Maher Arar was just on The Real News. The beginning and ending of the interview were about his own experience being rendered and tortured as early casualties in the war on terror's incredible arrogance towards the whole world. Maher Arar and Khaled al-Masri are why I'm writing this post right now. I remember watching Dana Rohrbacher's obnoxious excuses when Arar appeared at a session of Rep. Nadler's Judiciary subcommittee. They were the stories through which I discovered how horrified I was with Bush and Cheney.
When Obama was elected, I decided I needed to find a way to genericize what I was concerned about. The global war on terror is an ongoing engine for individual outrages. It isn't tied to a particular president and vice-president. The policies might take a turn for the fair or unfair over the years, but the danger of ancillary damage to innocent bystanders is going to remain so long as a government feels that they must prevent a miss and certain costs are acceptable towards that end.
We have to keep Maher Arar's story and Khaled al-Masri's story at the ready and never forget. I hope we will get better, split hairs finer and have fewer mistaken identity stories, fewer false positives, innocent people rendered, if not by appealing to the leaders' sense of right and wrong, then by court judgments that make it so expensive or politically damaging that they become more careful. According to Dana Priest and according to Stanley McChrystal, we *aren't* getting better yet.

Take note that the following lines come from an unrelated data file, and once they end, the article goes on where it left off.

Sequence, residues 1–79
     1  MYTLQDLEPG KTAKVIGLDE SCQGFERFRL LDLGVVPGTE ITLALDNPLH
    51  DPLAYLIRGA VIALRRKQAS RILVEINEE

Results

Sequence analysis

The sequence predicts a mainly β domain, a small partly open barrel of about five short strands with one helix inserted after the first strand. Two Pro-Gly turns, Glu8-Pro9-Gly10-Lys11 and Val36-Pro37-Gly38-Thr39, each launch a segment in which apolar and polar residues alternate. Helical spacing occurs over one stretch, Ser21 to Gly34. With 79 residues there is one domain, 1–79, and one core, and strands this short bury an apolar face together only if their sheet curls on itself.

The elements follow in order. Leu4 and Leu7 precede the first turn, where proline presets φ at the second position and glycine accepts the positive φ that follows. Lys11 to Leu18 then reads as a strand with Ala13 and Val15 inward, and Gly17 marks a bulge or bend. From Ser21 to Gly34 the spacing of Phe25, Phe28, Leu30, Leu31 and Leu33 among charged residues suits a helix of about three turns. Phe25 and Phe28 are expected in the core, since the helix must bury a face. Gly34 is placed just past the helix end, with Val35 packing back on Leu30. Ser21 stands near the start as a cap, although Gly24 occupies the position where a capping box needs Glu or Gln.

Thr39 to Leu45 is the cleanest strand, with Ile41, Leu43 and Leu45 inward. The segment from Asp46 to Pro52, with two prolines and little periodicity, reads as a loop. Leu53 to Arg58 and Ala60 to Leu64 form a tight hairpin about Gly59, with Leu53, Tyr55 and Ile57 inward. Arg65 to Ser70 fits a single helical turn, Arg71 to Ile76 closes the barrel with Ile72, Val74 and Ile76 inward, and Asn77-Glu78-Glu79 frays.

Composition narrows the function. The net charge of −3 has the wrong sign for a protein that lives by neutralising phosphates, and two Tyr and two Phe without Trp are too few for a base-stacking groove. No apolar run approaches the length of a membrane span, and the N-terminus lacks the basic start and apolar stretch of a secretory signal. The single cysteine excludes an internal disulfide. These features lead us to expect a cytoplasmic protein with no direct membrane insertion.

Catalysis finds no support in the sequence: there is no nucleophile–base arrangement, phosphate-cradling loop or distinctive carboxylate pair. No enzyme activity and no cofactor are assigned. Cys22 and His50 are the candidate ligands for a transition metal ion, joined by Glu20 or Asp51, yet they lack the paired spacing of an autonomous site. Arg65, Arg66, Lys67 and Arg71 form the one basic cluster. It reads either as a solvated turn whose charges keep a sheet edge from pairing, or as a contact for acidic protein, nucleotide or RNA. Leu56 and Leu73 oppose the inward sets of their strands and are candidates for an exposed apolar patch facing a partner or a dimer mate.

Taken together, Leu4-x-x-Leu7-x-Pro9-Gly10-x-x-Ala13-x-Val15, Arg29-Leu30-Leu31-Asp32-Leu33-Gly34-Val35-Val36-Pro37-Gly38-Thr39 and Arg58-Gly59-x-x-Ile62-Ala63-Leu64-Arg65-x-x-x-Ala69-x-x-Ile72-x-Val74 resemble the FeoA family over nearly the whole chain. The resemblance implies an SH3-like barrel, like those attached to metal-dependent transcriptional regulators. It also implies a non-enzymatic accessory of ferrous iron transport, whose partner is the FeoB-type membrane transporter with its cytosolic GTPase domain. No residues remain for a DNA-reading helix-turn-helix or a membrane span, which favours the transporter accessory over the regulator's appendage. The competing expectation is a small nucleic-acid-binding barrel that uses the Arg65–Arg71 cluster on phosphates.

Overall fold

Unfortunately, under Bush and under Obama, Maher Arar has gotten no justice from the U.S. courts system. This is from the transcript of the Real News interview:
"Maher is a human rights advocate now, whose story gained public attention after American authorities falsely accused him of being linked to terrorists. Despite being a naturalized Canadian citizen, Arar was then rendered to his birth country, Syria. There he was subjected to torture, like incessant beatings, and with electrical cables, and confined to a cell the size of a grave. After his release in 2003, Canada and Syria found him to be completely innocent of all allegations ... Maher is joining us from Ottawa. We'd like him to be able to visit the United States, but he can't, 'cause he's still on a no-fly list, he's still not allowed in. And even though everyone else in the world acknowledges the fact that he was not guilty of anything, the United States finds it a national security concern to admit they were wrong."
Note: the middle of the interview was about the current situation in Syria, which is a different kind of thing to remark on. Confusing. My feelings about Syria, Libya and even the Arab Spring is that innocents matter. I don't trust any guerrilla army, no matter how righteous they are. The ends don't justify the means if the means involve wrecking the life of innocents along the way. If you're intervening to stop a massacre? Well maybe- but I don't agree with liberal hawks if liberal hawks think you can kill one group of children to save another.